Budget: Small firms
Tax simplification ‘a major step’ to keeping business moving
Small businesses have welcomed the Chancellor’s promise not to cut the annual investment allowance (AIA) to £25,000 – but they’ll have to wait until the autumn for details.
George Osborne had previously planned to cut the AIA – the amount that companies can invest in equipment, machinery and other expenses before paying tax – at the end of this year.
But Mr Osborne used his Budget speech to promise the allowance would be “more generous than £25,000”.
Andy Willox, the Federation of Small Businesses’ (FSB) Scottish policy convenor, said: “There’s no doubt that this was a pre-election budget, but it contained some important practical measures. No matter who triumphs in May, they’ll need to tap the potential of the UK’s small businesses to realise their ambitions.
On scrapping the annual tax return and rates, he said: “We’ve long called for a simpler tax regime for small businesses and the self-employed. Today’s announcements are a welcome step towards developing a practical, modern tax-regime fit for how we do business in the 21st century. The abolition of class 2 national insurance contributions is symbolically important – underlining the increasingly importance of the self-employed.
“Today we’re urging governments in London and Edinburgh to ensure that more devolution doesn’t result in more admin for small businesses. The Scottish Government should also modernise taxes currently devolved and pass the collection of business rates and council tax to Revenue Scotland. Lastly, ministers in Edinburgh should commit to a business rates review run in parallel to the one launched by the chancellor. Most of the criticisms levelled at the English regime are equally applicable north of the border.”
On fuel, he said: “Every penny spent at the pumps is money not spent elsewhere in the economy. By keeping fuel affordable, the chancellor has helped to keep Scotland’s army of small business owners moving.”
John Allan, national chairman of the FSB, added: “Committing to set the AIA at an appropriate level at the autumn statement will provide the certainty needed for businesses to plan and invest – something badly needed if the UK is to raise its productivity.”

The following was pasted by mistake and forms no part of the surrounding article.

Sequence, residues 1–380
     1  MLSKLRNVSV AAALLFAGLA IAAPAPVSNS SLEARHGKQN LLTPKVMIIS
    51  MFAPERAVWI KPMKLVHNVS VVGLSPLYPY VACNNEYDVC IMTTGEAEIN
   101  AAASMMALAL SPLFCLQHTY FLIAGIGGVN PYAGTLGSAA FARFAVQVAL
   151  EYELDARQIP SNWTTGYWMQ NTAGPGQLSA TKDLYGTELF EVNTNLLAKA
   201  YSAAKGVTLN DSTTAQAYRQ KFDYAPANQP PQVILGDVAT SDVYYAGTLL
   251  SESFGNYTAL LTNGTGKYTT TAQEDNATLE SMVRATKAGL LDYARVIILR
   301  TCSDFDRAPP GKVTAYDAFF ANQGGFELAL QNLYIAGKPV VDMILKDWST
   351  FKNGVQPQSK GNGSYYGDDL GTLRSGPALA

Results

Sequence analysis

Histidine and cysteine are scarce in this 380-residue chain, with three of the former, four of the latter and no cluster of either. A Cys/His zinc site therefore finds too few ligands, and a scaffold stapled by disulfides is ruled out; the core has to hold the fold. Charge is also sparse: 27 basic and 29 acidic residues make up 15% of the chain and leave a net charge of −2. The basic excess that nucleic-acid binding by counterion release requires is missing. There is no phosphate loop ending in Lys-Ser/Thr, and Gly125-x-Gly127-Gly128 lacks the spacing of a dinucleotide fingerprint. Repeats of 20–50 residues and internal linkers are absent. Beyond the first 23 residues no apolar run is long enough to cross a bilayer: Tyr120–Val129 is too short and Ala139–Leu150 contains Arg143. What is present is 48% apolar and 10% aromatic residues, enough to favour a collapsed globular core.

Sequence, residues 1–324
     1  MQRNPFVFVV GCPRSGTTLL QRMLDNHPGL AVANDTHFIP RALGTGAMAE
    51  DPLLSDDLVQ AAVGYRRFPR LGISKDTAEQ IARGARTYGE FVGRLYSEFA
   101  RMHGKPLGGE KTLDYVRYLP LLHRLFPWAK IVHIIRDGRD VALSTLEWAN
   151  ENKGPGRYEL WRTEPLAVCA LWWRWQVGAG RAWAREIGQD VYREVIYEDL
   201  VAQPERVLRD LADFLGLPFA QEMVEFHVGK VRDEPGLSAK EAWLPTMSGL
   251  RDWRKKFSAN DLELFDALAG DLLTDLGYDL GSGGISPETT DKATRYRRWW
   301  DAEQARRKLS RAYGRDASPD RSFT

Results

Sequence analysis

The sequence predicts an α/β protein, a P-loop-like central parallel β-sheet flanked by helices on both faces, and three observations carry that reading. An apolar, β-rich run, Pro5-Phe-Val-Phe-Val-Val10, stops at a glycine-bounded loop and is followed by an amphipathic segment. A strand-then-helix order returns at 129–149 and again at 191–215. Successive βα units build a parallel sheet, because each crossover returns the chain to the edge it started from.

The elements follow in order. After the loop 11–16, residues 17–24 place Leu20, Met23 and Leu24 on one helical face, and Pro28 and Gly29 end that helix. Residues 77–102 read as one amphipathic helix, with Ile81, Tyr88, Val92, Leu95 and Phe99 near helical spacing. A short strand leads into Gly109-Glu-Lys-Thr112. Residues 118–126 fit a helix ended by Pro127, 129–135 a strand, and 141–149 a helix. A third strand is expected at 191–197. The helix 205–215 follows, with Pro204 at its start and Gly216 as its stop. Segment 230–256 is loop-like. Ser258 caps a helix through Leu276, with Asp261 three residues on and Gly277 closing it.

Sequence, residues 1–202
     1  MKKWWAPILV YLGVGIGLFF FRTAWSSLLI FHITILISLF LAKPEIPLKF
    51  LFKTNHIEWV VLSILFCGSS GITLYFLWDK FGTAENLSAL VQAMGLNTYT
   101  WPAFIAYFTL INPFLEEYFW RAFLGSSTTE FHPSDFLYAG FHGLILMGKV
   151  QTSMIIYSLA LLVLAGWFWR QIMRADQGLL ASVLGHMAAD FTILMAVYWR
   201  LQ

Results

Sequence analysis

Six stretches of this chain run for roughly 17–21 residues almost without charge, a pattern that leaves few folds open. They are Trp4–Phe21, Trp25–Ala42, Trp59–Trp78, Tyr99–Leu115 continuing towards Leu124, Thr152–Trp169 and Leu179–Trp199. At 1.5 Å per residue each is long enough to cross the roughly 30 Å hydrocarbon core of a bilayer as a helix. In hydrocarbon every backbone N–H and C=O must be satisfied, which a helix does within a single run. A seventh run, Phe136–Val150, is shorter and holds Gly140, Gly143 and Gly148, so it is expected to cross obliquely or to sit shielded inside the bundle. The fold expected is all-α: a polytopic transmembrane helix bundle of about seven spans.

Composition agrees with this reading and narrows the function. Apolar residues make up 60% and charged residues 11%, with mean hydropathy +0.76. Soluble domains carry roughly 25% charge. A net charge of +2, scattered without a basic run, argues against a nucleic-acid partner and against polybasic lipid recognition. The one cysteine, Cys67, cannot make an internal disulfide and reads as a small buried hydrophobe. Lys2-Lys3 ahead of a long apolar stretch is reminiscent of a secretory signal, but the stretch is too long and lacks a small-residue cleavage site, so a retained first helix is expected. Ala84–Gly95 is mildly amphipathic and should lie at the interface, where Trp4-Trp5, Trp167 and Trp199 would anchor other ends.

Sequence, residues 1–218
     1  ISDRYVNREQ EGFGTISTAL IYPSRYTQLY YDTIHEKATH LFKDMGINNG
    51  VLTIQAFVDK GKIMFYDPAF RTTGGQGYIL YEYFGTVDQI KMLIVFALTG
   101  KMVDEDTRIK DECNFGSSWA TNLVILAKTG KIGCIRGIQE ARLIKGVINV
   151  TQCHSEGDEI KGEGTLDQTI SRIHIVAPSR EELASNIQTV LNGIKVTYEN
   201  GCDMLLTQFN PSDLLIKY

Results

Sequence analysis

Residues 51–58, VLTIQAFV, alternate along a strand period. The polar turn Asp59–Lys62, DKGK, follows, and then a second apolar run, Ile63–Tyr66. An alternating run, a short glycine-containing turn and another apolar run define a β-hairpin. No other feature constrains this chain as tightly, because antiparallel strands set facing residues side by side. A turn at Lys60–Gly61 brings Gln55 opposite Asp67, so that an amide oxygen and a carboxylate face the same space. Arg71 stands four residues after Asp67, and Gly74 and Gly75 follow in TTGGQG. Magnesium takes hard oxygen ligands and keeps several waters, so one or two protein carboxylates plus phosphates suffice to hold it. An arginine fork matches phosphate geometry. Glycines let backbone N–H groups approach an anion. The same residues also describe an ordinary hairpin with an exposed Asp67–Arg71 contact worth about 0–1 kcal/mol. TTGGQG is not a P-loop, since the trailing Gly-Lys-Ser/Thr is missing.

Mr Allan also welcomed the review of business rates in England, which was announced earlier this week, pointing out that it was “long overdue” and that it must be implemented and “not end up as just another report that sits on the shelf”.
The FSB also welcomed plans for a digital tax account – which would mean that five million small businesses will no longer have to file tax returns – and the abolition of class two national insurance contributions for self-employed workers.
Plans to continue the roll-out of “super-fast” broadband were also praised.
John Longworth, director general of the British Chambers of Commerce, added: “The Chancellor avoided the temptation to use newfound windfalls for gimmicks.
“His focus on fiscal responsibility will play well with business audiences.”
Commenting on the plan to scrap end-of-year paper tax returns in favour of real-time digital tax accounts, Phil Charles, head of enterprise for KPMG in Scotland, said: “This should, in theory, prompt cheers up and down the country, with none louder than those coming from the approximately five million self-assessing taxpayers who run their own businesses.
“However, if it’s going to be a truly reduced burden, then information will probably need to be drawn directly from accounting systems. That’s a massive technological challenge for HMRC to achieve in a relatively short space of time.
“Owner managers have long called for an end to the seemingly endless amount of form-filling and compliance with onerous red tape that typically comes with running your own business. Indeed, our own recent survey of the UK’s small and medium-sized businesses indicates that almost half of all business owners spend at least one day a week on basic administrative tasks.
“Anything which reduces this perceived ‘dead time’, allowing entrepreneurs to focus on the running and growing of their business will ultimately help drive economic growth, spur job creation and increase the competitiveness of the UK. So we want to see HMRC deliver on Mr Osborne’s ambitions for them.
“The good news is that many small businesses are already embracing innovations in digital technology to support their financial reporting, such as the use of cloud-based accounting services and digital receipt banking, so this should be an easy transition for them. But will it be as easy for HMRC?”